Thursday, January 2, 2014


Why teachers need Professional Development

A recent chance at professional development online
I am a HUGE fan of webinars, seminars, videos, journals, books and blogs. I find anything that  helps me  become a better teacher is a great use of my time. That's why this guest blog post written by Matthew Engels about why professional development is key for teachers.

An essential component of being a successful professional in any field is to continue with formal education and professional development courses. For those in the teaching profession, being able to continue with their professional development carries additional importance as they help shape the minds of the future. Failure to further enrich one’s knowledge as a teacher may negatively impact students who deserve to experience learning from the most up-to-date teacher and the most current material.

On the flip side, given the importance of professional development for teachers, it is very important that opportunities to engage in learning are abundant and enjoyable so improving one’s knowledge and technique is seen as an opportunity and not a burdensome task.

Professional development from my school
Formal and Informal Professional DevelopmentFor virtually all fields, one can separate learning opportunities between formal and informal with the former being delivered in structured settings and in an organized fashion. Formal professional development events are usually hosted by a school or other relevant educational organization. They tend to be presented as seminars, conferences, break-out sessions and sit-down classes. There is an overarching theme to each formal session which may focus on the material being taught, or on teaching techniques for reaching the student. Similarly, they may be more focused on behavioral issues or the results of educational research.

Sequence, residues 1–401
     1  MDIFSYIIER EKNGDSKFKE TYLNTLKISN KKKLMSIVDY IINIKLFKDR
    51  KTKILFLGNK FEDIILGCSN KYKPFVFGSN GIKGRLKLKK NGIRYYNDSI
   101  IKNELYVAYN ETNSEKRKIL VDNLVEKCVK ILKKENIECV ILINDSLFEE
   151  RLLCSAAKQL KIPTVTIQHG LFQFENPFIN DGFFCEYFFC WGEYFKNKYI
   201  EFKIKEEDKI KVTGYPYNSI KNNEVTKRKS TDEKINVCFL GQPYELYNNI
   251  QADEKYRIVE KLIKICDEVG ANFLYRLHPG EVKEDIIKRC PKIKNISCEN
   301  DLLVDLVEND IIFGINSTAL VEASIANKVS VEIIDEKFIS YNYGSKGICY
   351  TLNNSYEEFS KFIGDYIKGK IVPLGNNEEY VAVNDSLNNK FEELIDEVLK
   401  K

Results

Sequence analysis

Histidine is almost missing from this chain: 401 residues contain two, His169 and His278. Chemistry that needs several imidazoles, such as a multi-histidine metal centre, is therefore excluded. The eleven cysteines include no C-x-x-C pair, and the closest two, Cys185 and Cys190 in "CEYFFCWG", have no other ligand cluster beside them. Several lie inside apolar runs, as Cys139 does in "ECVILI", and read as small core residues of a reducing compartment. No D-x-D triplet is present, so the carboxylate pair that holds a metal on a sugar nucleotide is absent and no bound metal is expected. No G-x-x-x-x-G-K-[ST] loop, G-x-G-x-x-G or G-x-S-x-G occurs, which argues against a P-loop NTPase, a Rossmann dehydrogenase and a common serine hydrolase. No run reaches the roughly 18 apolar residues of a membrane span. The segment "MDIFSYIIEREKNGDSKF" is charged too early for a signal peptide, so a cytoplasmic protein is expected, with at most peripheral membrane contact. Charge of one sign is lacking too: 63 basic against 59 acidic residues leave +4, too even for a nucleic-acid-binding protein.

Formal professional development sessions are also a vehicle to deliver new curriculum requirements to a cadre of teachers simultaneously. It gives attendees the opportunity to step outside their daily routines and explore new trends, as well as network with colleagues to create a web of support should the need arise. Fostering relationships between teachers is always beneficial as they can share best practices and challenges with each other and gain insight from each person’s experience.

A teacher getting to know her student
Learning through Informal EducationAs explained above, there is also great value to gaining professional development through informal settings. Successful teachers are usually so enmeshed in their positions that virtually every experience is a source of information to improve their teaching. The best teachers look to incorporating everyday experiences into their teaching persona and improving their techniques and results as a consequence.
In practice, informal learning opportunities can be found by reviewing research and literature authored by field experts. Other teachers may decide to take a more active part in their enrichment by participating in research projects or experimenting on their own. Those that constantly seek ways to improve their technique and the material they are teaching are the most successful. A discouraged or disinterested teacher puts its students at risk by teaching outdated material, or failing to utilize techniques that will optimize how receptive students are to learning new things. This in turn translates into a student that is less ready to interact with the outside world and is at a disadvantage. Getting to know one’s students is an essential part to informal professional development. Learning about each student’s learning style allows the teacher to tailor his or her lesson plans to suit the class and yield increased understanding.

Professional development in teachers is very important. It is often what keeps the teacher engaged with his profession and engaging to his students. Personal and professional growth and development sets a great example for the students and sets the stage for a wonderful and well-rounded education.

This article was written by Matthew Engels, who believes that professional development for teachers keeps them on their toes and helps them learn new ways to keep students engaged in class.

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